It seems ironic, but for the first time in marriage history, your risk for divorce is higher as you age. This is especially true if you’re 55 years or older. What’s behind this new trend? It’s multi-faceted. Millennials are cohabiting and delaying marriage until later in life, which is the reason their divorce rate has lowered. Meanwhile, couples that have been together for 20 years or more are divorcing. Here are a few reasons:
Second or multiple marriages have a greater risk of divorce. Naturally, as people age there is a higher change of multiple marriages.
Couples had problems for years but ignored and never resolved them.
Empty nesters have a higher risk of divorce, especially if their marriage was built around raising their children.
Death of a child or illness can change personalities and lead to resentment and emotional abandonment of each other.
Addictions or mental health issues, such as depression, are present and not being treated.
Couples feels they married too young, went through all the motions, and now fell out of love.
If you’re looking at your marriage and wanting to save it from being a statistic, there are actions you can take starting today.
It’s not the number of years together that matter – it’s the quality of emotional connection. A divorce doesn’t “just happen.” It’s years in the making. Interrupting those years by talking to your partner, asking them how they feel about things, setting a vision with them, and working together to get along and continue being their partner is important. If you don’t know how to start, simply ask your partner how they’re doing. Actively listen. Don’t wait for them to tell you there’s a problem. Ask about it, work it out, and don’t push it under the rug.
Transitions are tough for couples who feel alone. Many older couples divorce shortly after the children left for college. These couples often put all their energy and love into their children, neglecting their marriage. This creates a marriage that is unstable after the children leave for college. Find fun activities just for you and your partner. Remember what kind of couple you were before the kids came into the picture. Don’t wait to send that last child to college before you go dancing or take that weekend getaway.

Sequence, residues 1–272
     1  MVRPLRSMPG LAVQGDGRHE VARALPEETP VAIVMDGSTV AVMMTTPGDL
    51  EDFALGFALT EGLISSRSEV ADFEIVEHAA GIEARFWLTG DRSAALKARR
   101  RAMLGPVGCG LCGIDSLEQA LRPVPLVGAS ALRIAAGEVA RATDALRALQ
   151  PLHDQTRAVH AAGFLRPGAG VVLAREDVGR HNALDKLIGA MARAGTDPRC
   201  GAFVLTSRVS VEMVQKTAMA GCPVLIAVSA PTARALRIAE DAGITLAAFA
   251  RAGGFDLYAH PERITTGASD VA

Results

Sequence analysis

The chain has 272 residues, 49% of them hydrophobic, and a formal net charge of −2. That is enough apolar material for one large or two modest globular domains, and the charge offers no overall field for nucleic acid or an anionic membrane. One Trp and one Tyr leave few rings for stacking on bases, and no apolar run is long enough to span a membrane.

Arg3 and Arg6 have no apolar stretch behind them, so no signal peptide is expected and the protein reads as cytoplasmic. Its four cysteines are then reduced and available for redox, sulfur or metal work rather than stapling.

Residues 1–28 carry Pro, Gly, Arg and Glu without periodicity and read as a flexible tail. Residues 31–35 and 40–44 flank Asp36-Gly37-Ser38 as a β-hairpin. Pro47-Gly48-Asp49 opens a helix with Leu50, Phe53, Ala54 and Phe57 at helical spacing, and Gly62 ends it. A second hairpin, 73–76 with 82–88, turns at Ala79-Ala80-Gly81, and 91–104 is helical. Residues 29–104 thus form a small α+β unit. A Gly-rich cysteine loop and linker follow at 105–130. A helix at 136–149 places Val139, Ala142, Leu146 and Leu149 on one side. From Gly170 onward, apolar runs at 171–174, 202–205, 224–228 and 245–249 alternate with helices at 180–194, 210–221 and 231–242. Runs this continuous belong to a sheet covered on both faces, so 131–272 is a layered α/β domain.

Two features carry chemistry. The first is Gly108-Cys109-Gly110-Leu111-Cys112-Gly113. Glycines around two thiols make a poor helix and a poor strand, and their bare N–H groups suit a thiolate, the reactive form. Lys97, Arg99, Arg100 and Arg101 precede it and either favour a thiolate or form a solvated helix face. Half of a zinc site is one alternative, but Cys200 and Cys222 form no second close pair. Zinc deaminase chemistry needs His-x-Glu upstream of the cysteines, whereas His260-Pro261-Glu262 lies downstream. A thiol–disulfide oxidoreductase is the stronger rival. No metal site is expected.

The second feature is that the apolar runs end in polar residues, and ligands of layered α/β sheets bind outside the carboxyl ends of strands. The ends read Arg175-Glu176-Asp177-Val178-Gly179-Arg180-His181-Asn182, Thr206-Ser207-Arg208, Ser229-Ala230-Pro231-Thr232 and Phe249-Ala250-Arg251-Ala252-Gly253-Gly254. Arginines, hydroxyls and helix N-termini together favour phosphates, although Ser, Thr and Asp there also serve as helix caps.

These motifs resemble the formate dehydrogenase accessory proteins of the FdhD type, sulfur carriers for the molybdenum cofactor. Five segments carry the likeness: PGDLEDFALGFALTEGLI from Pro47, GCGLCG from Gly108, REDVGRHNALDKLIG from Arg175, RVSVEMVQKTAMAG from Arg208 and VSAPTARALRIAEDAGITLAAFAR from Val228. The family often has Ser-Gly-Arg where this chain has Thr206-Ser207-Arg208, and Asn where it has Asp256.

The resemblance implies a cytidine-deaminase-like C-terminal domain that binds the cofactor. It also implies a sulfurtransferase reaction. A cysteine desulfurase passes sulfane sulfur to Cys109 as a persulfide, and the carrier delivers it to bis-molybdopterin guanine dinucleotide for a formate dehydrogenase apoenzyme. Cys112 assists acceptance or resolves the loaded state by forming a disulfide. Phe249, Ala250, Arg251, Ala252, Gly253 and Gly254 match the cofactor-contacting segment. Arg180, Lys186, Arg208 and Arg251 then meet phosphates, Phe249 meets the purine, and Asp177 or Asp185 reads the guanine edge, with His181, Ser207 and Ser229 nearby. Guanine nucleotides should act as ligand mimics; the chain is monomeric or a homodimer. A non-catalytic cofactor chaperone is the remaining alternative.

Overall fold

Physical and emotional intimacy are important. If you’re feeling too old to be intimate with your spouse, talk to your health care provider. One of the leading reasons for the “gray divorce” is a lack of intimacy in the marriage. Your sexuality is a predictor of your overall health. It varies in life, but no longer wanting to share intimacy is a warning sign that something is not healthy in your body or emotions.
Understand what’s going on with each other biologically. Menopause doesn’t only change a woman’s body; it changes her brain chemistry with a drop in estrogen and oxytocin. As the hormones drop, women aren’t as nurturing or tolerant. They may clash with their spouse if he’s feeling fatigued, depressed, or experiencing sexual problems.
Make sure you are your partner’s biggest fan. Life is tough, and the older you get the more difficulty you have coping with stress. If your partner is withdrawn, critical, or continually unavailable, it’s easy to begin feeling unloved and alone. Loneliness is an epidemic in today’s face-paced world. If you can’t turn to your spouse, you’ll turn to someone who will listen, and spouses don’t usually think of a therapist. It’s not right, but it is a choice to begin talking to someone new. Don’t wait for your partner to tell you how alone or unloved they feel. Ask them directly.
The number of years you’ve been together does not guarantee forever. Marriage takes work. It requires patience, understanding, compassion, and forgiveness – not one time but over and over and over again. The words “I do” are spoken easily but it’s the actions of “I do” that help you create a marriage that you’re grateful and proud to be a part of.